The way I read the research it was meant that force of bending a tube doesn’t change on internal tube pressure and it makes sense.GregK wrote: ↑Fri Jun 28, 2019 2:31 amLet me answer this in another way :
Two identical kites, one pumped to 4 psi, the other 12 psi.
Fly them in a very light breeze, the load on their airframes is quite light, both will deflect ( bend ) under that light load exact the same amount.
Now fly them in a strong wind. The load on the airframes is much higher, but not high enough for the highest load point on the 12 psi kite to reach the buckling point ( buckling is like kinking, excessive bending all in a small area versus the gradual deformation of bending deformation ).
Different story with the 4 psi kite, that highly-loaded point has exceeded the buckling point and the LE will fold or kink.
So depending on how you interpret "resistance to bending" the 12 psi kite will seem more resistant. Yes it can resist higher bending loads & deflection without kinking or buckling, but the rate of deformation, which is the true definition of stiffness, is the same.
Techin' out on ya, eh ?
CORRECTION - I went back and reviewed the test results and simulation/modelling work reported in these articles, and my summary above is not correct.
While their analysis and test results confirmed the linear dependence of the onset of buckling ( or wrinkling as they called it ) with respect to inflation pressure, their test results also clearly showed that increased inflation pressure does increase the bending stiffness of woven fabric inflated structures.
It was not a linear relationship, in the first test reported ( a 6-inch diameter un-coated plain-woven Vectran fabric air beam with a 2:1 ratio of weft-to-warp fiber density ) in the low-load region of the test below the onset of wrinkling, bending stiffness increased with pressure with slightly less than a linear dependence, about a 0.7 order or power relationship.
In their second test series using a smaller 2-inch diameter air beam with everything else similar to the first series, the bending stiffness increased with very close to a linear relation to inflation pressure, about 0.9 order.
And in their third series of tests, only two test pressures were used, so not enough data from which to determine a relationship, but definitely an increase in bending stiffness with the higher inflation pressure.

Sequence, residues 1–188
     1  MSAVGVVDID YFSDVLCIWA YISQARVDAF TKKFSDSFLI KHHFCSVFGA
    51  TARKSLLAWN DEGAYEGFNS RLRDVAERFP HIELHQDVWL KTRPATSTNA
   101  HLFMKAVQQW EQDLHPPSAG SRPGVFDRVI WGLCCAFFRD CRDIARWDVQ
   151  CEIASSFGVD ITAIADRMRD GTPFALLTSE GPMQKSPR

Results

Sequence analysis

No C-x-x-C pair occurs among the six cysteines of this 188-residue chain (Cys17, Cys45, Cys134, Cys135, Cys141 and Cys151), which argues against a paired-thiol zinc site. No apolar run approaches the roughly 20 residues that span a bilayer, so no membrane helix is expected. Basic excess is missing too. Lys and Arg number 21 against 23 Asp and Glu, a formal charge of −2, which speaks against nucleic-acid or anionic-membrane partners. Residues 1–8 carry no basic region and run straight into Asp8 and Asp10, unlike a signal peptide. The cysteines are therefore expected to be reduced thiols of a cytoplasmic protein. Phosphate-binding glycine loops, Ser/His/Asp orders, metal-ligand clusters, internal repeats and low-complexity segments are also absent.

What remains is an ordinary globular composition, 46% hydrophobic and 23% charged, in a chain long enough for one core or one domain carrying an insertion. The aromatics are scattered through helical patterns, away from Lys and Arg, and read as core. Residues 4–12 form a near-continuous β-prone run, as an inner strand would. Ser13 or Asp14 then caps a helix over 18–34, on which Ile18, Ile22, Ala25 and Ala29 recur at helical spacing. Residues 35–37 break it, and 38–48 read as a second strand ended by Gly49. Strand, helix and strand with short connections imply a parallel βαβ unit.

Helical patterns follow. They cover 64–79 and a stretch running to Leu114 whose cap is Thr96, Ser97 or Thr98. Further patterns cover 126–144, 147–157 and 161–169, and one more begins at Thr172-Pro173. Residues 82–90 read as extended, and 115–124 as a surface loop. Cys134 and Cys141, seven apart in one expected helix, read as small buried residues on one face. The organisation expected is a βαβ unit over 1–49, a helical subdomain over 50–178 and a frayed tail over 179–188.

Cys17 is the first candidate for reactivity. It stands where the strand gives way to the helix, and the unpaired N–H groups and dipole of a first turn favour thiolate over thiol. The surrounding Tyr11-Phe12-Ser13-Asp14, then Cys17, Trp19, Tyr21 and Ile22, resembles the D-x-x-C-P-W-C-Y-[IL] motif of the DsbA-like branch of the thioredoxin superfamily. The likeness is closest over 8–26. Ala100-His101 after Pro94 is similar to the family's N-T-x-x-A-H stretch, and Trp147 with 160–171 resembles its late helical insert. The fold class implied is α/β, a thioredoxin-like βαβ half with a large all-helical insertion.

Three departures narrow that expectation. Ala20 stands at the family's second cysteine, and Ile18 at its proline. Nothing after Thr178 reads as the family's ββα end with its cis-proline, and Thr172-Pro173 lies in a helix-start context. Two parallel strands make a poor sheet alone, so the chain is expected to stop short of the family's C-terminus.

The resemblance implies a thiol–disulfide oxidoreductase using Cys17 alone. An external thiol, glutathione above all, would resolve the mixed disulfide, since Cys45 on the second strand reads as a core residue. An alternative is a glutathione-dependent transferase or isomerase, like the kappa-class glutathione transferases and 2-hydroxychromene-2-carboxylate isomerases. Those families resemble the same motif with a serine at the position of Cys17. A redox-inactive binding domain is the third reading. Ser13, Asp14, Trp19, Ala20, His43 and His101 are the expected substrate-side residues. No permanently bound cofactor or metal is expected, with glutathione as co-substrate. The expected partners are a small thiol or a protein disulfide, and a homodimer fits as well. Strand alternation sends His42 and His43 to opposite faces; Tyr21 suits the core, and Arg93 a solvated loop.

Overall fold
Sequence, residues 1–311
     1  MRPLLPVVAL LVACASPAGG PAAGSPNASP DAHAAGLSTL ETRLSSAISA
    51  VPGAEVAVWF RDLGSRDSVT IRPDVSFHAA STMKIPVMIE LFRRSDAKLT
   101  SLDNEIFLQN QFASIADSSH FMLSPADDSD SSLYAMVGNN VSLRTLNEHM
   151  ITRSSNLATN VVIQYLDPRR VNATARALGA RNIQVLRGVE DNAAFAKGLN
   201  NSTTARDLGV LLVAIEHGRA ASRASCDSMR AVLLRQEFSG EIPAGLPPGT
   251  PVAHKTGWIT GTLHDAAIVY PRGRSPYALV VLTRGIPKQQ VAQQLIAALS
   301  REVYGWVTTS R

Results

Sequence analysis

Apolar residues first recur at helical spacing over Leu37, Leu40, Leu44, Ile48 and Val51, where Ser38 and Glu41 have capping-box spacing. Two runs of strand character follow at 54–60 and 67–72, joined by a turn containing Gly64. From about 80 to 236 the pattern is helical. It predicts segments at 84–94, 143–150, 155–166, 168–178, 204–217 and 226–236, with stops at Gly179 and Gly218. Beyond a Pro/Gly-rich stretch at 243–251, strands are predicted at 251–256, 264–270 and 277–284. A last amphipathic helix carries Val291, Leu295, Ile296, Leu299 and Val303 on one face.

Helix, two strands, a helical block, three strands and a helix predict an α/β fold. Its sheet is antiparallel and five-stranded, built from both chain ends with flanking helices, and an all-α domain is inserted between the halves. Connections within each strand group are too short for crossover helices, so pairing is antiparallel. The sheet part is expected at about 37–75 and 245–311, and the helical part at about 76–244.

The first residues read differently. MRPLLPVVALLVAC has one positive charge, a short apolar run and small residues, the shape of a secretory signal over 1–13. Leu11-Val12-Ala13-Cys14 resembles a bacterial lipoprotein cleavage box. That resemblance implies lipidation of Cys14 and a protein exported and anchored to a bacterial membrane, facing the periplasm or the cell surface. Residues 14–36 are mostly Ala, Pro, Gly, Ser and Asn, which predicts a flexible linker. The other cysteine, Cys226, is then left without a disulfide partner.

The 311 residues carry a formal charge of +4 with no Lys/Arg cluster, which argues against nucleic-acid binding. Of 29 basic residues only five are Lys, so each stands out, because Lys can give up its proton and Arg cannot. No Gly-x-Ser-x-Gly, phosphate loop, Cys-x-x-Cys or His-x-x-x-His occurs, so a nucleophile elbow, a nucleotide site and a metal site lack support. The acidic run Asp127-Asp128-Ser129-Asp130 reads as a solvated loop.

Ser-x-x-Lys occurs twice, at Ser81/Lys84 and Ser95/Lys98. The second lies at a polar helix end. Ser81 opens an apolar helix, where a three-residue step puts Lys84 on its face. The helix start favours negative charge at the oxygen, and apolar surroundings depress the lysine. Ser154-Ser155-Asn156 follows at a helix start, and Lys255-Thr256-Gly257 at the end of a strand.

It is an over-simplification to assume plain-woven fabric will act with isotropic in-plane properties. When inflated, the axial or hoop load in the fabric will be twice the axial load, creating shear stress, to which the woven fabric's response is complex ( weft-warp fiber slip & friction, weft-warp fiber angular shift ) and non-linear, not a function of material properties, but rather a system property. Also increased inflation pressure alters the weave crimp, the undulating pattern of fibers running over and under adjacent fibers in the weave. Alterations in crimp geometry, termed crimp interchange " is a source of nonlinear load-extension behavior for fabrics " - a direct quote from the first article.
So go ahead and pump harder, your kite does bend less with higher inflation pressure.
But amount of initial force required to start bending it would depend on the pressure and stiffness would change. And larger tube diameter takes less pressure to be more stiff.
When I had 2012 Rallys and started boosting on them it took higher pressure to prevent eartips folding on me in the middle of very powered jumps. Then I stopped abusing poor kites and foiled on them replacing 2012 Rally with more structured later model.
Nice discussion, thanks for coming back to the topic!